The partners of the Algae Testbed Public-Private Partnership (ATP3) have established a network of testbed sites across the nation to meet the needs of the growing algae industry and research and development community across the country and around the globe. United, ATP3 leverages its network of diverse facilities and expertise offer services ranging from education and training, to research and development support, to biomass analysis and production, equipment testing and more.
During its first year, ATP3 set up standardized operations across the nation, with sites each hosting a set of six identical algae cultivation systems in different climatic regions: Arizona, Texas, California, Hawaii, Ohio, Florida and Georgia. Over the next several years, ATP3 will conduct harmonized, rigorous and objective long-term cultivation trials to provide a realistic assessment of the state of technology for algal based biofuels and biproducts. Data from these field studies will be widely distributed and made publically available to help ensure stakeholders are well informed and can make better business decisions.
“The ATP3 network is just what the algae field needs at this stage,” said Tryg Lundquist, a professor at Cal Poly State University and one of the partners with ATP3. “Prior to this effort, the variety of cultivation systems and analytical methods being used around the world generated results that were not straightforward to compare and evaluate. I think the ATP3 approach is going to save a lot of time and effort by the industry and, by decreasing uncertainty, ATP3 is providing a service for both the commercial and scientific communities.”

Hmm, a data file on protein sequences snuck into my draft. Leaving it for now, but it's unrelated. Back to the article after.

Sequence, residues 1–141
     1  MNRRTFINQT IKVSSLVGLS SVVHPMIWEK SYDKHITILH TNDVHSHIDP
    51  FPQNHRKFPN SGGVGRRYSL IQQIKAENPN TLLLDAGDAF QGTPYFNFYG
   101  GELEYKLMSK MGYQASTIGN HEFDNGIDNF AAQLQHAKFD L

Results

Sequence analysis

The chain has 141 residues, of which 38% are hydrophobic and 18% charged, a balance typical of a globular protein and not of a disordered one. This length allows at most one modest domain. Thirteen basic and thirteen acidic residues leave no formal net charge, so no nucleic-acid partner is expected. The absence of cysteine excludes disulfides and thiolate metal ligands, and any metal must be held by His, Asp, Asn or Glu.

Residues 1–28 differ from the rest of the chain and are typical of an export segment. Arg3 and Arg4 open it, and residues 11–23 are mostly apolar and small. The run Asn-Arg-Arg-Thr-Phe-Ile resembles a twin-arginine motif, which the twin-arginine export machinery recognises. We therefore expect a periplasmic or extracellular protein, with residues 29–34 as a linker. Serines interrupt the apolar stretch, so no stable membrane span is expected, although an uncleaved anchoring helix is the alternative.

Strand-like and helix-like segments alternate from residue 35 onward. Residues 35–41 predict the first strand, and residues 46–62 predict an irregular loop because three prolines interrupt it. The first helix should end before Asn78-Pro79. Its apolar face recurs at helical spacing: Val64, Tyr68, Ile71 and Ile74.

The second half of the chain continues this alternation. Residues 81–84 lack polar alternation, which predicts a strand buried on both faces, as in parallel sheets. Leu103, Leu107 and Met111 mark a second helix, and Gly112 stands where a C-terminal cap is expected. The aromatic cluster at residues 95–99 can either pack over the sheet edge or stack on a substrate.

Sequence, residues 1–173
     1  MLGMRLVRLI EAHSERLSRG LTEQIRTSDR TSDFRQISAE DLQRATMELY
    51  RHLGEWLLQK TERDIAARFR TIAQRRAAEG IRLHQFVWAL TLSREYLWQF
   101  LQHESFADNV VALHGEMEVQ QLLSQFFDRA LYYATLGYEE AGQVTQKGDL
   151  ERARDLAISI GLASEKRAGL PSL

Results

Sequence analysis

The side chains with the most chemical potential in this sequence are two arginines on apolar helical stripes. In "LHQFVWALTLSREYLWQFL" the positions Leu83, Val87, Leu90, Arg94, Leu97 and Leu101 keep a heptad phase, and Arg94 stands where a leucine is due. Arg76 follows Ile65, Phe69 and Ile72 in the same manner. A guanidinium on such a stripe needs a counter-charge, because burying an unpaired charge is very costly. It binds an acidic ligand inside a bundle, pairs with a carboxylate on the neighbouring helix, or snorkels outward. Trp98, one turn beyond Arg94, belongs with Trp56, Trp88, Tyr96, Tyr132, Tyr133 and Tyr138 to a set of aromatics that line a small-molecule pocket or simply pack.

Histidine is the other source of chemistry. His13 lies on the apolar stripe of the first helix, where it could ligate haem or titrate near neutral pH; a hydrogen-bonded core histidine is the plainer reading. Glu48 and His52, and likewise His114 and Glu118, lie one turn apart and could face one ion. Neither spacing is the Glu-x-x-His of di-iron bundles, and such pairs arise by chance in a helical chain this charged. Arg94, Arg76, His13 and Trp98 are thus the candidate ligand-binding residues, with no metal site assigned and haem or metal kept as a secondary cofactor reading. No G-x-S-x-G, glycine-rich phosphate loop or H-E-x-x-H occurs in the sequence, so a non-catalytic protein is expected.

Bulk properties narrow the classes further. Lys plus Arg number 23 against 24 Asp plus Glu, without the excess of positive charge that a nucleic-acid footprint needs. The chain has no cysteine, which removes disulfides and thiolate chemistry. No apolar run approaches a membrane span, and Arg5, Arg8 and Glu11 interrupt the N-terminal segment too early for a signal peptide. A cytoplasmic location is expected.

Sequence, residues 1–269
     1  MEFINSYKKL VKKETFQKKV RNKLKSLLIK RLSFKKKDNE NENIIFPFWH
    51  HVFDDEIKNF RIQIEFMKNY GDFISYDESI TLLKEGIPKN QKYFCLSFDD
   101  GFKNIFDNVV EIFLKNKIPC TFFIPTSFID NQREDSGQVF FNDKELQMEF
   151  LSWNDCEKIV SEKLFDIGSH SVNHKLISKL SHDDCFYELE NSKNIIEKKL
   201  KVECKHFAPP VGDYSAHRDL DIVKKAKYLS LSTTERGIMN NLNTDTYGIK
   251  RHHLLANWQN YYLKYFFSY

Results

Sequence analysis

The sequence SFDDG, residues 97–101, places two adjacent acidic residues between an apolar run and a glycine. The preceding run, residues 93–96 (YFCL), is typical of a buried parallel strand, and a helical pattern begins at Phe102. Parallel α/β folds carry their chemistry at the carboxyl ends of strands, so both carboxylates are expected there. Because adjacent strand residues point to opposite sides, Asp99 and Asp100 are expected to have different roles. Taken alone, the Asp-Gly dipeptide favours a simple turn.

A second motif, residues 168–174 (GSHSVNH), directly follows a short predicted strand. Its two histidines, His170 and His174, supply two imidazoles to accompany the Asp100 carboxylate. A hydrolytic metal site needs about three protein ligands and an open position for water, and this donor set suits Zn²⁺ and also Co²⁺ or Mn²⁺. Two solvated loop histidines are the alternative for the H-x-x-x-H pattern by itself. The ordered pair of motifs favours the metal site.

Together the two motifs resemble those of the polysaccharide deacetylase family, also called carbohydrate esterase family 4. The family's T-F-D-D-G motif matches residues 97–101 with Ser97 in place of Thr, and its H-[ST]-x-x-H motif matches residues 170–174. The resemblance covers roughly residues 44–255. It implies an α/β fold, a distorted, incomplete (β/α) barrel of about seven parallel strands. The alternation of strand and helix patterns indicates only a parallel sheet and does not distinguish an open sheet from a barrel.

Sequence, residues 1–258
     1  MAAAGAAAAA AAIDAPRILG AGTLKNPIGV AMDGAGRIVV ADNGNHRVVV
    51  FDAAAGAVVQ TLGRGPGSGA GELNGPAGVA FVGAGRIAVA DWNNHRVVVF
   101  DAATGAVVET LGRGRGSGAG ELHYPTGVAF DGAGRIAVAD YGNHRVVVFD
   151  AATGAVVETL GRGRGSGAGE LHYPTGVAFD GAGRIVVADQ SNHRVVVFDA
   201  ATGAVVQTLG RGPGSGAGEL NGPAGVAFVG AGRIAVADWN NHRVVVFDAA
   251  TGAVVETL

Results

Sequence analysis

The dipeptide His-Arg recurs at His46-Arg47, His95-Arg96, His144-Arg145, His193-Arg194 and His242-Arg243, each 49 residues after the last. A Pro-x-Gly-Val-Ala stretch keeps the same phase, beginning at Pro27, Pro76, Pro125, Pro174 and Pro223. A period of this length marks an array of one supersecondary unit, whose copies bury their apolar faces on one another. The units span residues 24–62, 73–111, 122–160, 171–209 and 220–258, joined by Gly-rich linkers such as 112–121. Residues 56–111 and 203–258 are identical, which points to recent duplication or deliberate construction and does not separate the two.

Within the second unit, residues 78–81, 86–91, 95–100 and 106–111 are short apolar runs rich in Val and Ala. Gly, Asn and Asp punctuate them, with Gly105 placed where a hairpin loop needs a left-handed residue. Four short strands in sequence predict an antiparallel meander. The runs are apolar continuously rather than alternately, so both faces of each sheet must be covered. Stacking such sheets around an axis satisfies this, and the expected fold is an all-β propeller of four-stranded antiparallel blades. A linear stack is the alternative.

ATP3, the first ever national algae testbed network, was established in 2013 thanks to a $15 million US Energy Department (DOE) grant from the Bioenergy Technologies Office with additional sharing from partners.
With continued support from the DOE, ATP3 will move forward with leveraging the network of testbeds across the United States to serve the broader algae community and industry.
“Given the successes ATP3 has experienced in the past year, we believe they will continue to advance the algae industry by growing their partnership base and expanding their testbed site locations and abilities,” said Roxanne Dempsey, DOE technology manager.
In the coming year, ATP3 will utilize its network of industry and academic leaders to provide access to facilities and expertise in order to advance innovative algae research projects. As a part of the network’s mission, ATP3 will also work to develop a data sharing system to openly provide information from the cultivation trials and non-confidential experiments that are conducted at ATP3 partner sites.
Strategic areas for the next few years include: